Anderson also won Australia’s first Tour stages nearly a decade apart (stage 2 1982, stage 10 1991) – no small feat when you consider it would take another six years after that until the next Australian won at the Tour (Neil Stephens in 1997).
Phil Anderson’s Tour de France achievements also include winning the white jersey for best young rider in 1982, five top-10 GC finishes (10th in 1981, fifth in 1982, ninth in 1983, 10th in 1984 and fifth in 1985), and a 100% completion record for his 13 starts.
There’d be few who would dispute the contributions of Oppy and Skippy as Australian Tour de France pioneers. I’d argue they’re the most significant in terms of impact on cycling, but they’re still not our best Tour riders ever in my view.
Robbie McEwen gets my vote as Australia’s best ever Tour de France rider for a number of reasons. By the numbers, he has an unsurpassed list of achievements in his 11 finishes from 12 Tour starts. Consider the following:
– McEwen is responsible for nearly half of Australia’s 30 individual Tour wins, with 12 stage wins (One in 1999, two in 2002, two in 2004, three in 2005, three in 2006, and one in 2007).
– He is 17th on the all-time list of most Tour de France stage wins.
– McEwen’s Tour podium tally also includes 10 seconds, and six thirds.
– In 2002 he became the first Australian to win the sprinter’s points classification in the Tour, and repeated that in 2004 and 2006.
– McEwen also wore the yellow jersey in 2004 after winning stage 3.
Beyond the results, McEwen is also a standout because of the way he rode. In the simplest of terms, McEwen was an exciting bike rider to watch – his sprinting was far more interesting than a time-trialist against the clock, and more relatable than robotic by-the-numbers riding. And his Tour results are all the more impressive considering the times he was without a lead-out train for the finishes, or otherwise lacking support from his own team who had other goals. McEwen had race smarts, and knew how to win.
Robbie McEwen was also aggressive and uncompromising. Who could forget the 2002 Tour de France when it was reported that McEwen said to a pushy Lance Armstrong: “Shut your mouth, or I will fill it with my fist.” In his book, McEwen gives a simpler version: “I told him to get fucked. To me, he was just another rider. He didn’t like that, because he was the big boss of the peloton.”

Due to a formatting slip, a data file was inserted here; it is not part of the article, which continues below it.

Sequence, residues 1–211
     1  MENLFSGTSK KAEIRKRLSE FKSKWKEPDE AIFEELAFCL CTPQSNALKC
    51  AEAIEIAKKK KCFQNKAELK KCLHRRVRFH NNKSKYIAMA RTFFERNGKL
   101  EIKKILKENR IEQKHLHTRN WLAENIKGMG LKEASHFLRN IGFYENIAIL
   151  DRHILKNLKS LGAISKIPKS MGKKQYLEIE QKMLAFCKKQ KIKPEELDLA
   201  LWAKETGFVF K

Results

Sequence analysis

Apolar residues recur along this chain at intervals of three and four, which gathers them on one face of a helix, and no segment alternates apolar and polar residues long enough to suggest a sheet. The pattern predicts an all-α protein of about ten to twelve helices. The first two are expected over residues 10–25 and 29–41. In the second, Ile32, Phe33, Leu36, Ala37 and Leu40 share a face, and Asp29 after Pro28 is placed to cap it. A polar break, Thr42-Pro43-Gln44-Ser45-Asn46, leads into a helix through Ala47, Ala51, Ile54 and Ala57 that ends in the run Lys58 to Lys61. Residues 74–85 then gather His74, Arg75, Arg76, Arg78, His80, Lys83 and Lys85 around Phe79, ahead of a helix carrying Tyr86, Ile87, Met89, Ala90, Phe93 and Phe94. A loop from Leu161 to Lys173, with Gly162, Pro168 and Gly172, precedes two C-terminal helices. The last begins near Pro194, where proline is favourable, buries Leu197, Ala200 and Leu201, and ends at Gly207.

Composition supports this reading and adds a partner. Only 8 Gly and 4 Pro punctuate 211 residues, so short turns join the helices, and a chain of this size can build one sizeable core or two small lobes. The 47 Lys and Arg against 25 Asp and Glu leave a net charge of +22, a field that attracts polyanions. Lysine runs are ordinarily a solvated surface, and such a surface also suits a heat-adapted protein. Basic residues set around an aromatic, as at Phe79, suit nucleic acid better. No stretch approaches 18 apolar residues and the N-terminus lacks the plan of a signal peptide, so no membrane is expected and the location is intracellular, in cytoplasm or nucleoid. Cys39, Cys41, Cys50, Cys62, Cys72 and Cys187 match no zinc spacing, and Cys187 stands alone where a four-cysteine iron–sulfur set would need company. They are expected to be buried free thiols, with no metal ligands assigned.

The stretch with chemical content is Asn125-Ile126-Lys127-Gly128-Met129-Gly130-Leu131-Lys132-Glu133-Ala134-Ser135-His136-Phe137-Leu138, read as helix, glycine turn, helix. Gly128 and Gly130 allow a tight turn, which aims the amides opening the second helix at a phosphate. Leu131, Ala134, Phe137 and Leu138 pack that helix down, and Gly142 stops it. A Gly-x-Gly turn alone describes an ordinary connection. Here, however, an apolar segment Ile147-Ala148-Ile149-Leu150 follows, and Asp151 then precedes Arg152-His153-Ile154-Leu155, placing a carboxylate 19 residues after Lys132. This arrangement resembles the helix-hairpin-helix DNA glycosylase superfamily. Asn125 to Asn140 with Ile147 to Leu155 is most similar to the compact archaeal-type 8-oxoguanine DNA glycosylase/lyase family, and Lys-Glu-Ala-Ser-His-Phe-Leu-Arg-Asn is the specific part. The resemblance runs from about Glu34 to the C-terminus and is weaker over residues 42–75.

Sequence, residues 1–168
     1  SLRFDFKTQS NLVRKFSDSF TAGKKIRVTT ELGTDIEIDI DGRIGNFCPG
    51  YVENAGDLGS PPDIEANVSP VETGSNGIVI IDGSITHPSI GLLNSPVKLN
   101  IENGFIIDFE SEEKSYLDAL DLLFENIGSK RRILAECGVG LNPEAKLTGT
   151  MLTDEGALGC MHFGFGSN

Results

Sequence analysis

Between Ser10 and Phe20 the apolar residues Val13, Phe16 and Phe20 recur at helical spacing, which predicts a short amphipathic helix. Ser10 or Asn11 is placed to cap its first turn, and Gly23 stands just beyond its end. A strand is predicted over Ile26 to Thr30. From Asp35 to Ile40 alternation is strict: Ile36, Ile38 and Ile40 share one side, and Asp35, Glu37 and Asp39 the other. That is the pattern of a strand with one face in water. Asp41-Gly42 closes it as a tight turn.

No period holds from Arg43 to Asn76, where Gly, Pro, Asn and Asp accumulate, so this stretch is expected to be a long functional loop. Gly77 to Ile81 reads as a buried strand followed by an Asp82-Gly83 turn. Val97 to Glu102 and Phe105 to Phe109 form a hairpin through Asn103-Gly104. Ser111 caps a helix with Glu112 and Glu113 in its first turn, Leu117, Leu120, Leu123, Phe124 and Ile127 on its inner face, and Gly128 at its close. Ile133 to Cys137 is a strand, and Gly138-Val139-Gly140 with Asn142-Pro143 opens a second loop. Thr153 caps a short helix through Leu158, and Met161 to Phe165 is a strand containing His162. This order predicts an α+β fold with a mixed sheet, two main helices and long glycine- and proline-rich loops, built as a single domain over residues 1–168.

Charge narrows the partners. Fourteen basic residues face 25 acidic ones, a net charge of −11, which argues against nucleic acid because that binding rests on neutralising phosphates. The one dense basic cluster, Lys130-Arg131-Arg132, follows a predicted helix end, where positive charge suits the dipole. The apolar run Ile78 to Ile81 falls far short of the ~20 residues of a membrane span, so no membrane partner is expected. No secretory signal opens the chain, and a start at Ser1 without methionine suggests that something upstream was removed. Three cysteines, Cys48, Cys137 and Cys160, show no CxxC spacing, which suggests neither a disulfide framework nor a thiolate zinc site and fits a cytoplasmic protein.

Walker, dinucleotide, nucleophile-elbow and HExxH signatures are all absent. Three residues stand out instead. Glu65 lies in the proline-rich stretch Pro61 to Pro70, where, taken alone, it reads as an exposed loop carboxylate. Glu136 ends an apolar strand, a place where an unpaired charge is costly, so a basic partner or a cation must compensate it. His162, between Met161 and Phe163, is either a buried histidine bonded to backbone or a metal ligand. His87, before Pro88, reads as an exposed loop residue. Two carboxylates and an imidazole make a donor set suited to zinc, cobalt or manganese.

There are many other stand-out McEwen moments from the Tour too – his head clash with Stuart O’Grady in the finish of stage 3 in 2005, his clashes with Baden Cooke in 2003, his run-ins with Oscar Freire, and his finish-line wheelies of course. And what about him winning those Tour stages in the Australian national champion’s jersey in 2002 (stage 3) and 2005 (stages 5, 7, 13) – a sight too rarely seen at the Tour de France.
Of course, every single Australian rider to have made the Tour start line since 1914 is worth celebrating. A long list of opportunist stage winners, domestiques, sprinters, climbers, and GC prospects have carried the Aussie flag to the Tour de France. They have all inspired someone, somewhere who was watching them.
But it was Oppy who first attracted widespread attention in the Tour, Anderson who first started winning, and McEwen who had the sustained success combined with a character and approach to riding that was so exciting to watch. Those three Australians have had the biggest impact as Tour de France riders in my opinion, and of them McEwen was the best.
This Saturday, July 7, 11 Australians will cross the start line at Île de Noirmoutier to begin the 2018 Tour de France. Among them, Michael Hepburn and Rory Sutherland will become Australia’s 57th and 58th Tour debutantes. They’ll both have important support roles for their respective team leaders.
So too, the other nine Aussies at the 2018 Tour (Simon Gerrans, Heinrich Haussler, Mark Renshaw, Richie Porte, Simon Clarke, Luke Durbridge, Mathew Hayman, Michael Matthews, Damien Howson) will have their own goals, hopes, and dreams for how they want the race to unfold.
Does that Australian Tour de France class of 2018 contain a Tour rider better than what we’ve seen already? Or will our best ever come from a future debutante? Will we ever see another Australian Tour de France winner, or someone who wins it twice or more? Is there an Aussie sprinter who will one day surpass McEwen’s 12 stage wins and other achievements?
What do you think? Who is Australia’s greatest ever Tour de France rider?
About the author
Craig Fry is a freelance cycling writer based in Melbourne. His writing has appeared in CyclingTips, Cyclist Aus/NZ magazine, Cycling Weekly, SBS Cycling Central, The Conversation, and The Age.